Israel approves 1,800 new settler homes days before election

Israel approves 1,800 new settler homes days before crunch election
2 min read
27 February, 2020
Israel is due to hold a general election on 2 March in which Bennett's far-right Yemina coalition and Netanyahu's Likud will compete for the support of more than 600,000 settlers.
More than 600,000 Israeli settlers live in the occupied West Bank and East Jerusalem. [Getty]

Israel approved nearly 1,800 new homes in settlements in the occupied West Bank on Thursday, the country's right-wing defence minister announced, four days ahead of a general election.

The ministry said a planning committee "approved the construction of 1,800 housing units, according to the proposal of the Minister of Defence Naftali Bennett", in a statement that quoted figures adding up to slightly below this amount.  

"We don't wait, we act. We will not give an inch of the land of Israel to the Arabs, but for that, we must build there," the statement quoted Bennett as saying.

Anti-settlement NGO Peace Now said a total of 1,739 homes were earmarked, 92 percent of which were deep inside the West Bank.

It said 1,036 were approved through a first major stage, while 703 went through a final major hurdle.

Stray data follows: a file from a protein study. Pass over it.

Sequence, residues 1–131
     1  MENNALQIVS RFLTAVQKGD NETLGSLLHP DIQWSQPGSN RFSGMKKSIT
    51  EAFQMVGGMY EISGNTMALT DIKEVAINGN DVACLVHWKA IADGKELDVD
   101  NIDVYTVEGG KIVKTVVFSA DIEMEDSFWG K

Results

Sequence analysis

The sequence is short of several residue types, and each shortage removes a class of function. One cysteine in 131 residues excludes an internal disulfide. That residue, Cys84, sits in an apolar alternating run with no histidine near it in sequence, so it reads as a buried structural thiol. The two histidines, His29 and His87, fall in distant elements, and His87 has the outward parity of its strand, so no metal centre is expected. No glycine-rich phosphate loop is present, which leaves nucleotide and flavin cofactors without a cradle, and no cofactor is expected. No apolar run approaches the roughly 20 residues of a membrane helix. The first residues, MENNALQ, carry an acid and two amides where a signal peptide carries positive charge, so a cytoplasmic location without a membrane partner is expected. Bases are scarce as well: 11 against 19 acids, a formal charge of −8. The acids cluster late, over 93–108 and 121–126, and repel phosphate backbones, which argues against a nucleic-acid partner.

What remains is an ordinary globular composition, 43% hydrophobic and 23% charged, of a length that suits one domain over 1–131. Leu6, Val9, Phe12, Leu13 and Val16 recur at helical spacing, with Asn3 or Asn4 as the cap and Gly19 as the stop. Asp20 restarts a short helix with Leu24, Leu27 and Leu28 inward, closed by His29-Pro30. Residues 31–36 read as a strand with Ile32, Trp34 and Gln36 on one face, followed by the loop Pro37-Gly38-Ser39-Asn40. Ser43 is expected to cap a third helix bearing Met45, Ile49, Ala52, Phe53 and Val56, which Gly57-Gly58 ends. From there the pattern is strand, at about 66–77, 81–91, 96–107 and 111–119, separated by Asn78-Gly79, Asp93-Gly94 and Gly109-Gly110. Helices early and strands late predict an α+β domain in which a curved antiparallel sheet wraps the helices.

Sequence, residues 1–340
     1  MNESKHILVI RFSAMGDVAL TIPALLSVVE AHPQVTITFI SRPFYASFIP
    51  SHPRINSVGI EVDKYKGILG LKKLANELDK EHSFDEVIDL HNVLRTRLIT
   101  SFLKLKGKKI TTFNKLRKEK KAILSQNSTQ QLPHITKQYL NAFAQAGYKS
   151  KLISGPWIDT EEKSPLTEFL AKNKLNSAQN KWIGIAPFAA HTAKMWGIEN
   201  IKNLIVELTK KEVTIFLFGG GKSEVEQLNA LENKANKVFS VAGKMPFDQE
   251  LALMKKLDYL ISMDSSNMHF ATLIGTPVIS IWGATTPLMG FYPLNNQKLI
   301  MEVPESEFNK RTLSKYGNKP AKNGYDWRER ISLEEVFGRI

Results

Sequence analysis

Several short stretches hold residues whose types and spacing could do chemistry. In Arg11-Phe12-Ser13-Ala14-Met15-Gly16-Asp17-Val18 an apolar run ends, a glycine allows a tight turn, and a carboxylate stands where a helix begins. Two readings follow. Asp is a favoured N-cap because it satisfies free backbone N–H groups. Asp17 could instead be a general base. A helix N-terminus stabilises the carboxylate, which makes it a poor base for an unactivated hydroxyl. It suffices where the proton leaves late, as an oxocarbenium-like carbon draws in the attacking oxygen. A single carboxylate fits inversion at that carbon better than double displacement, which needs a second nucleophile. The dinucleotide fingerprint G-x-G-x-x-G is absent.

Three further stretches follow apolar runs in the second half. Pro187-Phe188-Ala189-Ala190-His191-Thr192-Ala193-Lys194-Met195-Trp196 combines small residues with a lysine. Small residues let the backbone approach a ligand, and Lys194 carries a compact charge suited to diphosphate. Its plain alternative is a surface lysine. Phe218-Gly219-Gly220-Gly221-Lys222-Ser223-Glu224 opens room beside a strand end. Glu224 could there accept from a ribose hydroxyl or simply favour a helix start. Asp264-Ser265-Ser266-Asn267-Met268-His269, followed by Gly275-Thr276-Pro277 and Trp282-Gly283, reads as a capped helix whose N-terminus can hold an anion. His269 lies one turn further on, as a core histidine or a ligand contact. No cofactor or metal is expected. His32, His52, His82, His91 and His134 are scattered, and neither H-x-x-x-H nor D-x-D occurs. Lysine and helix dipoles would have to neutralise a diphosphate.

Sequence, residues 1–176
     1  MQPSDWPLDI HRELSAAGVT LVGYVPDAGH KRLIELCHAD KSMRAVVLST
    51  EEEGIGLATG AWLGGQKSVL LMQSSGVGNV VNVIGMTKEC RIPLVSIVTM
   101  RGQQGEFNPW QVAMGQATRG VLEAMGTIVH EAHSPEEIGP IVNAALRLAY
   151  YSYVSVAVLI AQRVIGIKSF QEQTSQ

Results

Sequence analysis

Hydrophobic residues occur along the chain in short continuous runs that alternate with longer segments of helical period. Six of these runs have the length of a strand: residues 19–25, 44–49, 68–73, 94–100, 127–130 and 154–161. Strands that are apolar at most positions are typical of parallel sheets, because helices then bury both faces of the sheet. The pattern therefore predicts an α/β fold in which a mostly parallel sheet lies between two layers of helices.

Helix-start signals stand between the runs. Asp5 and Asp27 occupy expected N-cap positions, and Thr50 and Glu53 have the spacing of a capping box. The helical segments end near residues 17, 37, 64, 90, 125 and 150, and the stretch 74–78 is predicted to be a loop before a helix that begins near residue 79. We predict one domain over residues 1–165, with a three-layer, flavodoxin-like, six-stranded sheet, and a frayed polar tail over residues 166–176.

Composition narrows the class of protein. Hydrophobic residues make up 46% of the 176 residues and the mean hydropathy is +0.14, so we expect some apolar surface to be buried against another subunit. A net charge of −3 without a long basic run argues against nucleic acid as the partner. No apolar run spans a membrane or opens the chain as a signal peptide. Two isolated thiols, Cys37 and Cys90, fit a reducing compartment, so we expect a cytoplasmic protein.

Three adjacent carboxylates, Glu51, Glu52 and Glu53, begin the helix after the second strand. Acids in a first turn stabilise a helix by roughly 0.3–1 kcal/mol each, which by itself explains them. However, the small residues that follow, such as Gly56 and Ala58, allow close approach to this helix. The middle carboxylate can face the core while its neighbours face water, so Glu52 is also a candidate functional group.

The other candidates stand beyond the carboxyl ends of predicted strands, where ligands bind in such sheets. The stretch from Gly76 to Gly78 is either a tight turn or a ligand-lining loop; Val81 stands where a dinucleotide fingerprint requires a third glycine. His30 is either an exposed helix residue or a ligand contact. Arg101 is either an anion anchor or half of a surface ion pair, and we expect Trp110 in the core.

It was the second major settlement announcement in recent days, after Israeli Prime Minister Benjamin Netanyahu on Tuesday announced 3,500 new homes in the E1 corridor, a highly sensitive part of the West Bank.

The international community has warned repeatedly that Israeli settlement construction in the E1 corridor - which passes from Jerusalem to Jericho - would slice the West Bank in two and compromise the contiguity of a future Palestinian state. 

Israel is due to hold a general election on 2 March in which Bennett's far-right Yemina coalition and Netanyahu's Likud will compete for the support of Israel's more than 600,000 settlers.

"In the battle over the settler right-wing vote, Bennett and Netanyahu are dragging Israel to invest in thousands of harmful and unnecessary settlement units," Peace Now said in a statement.

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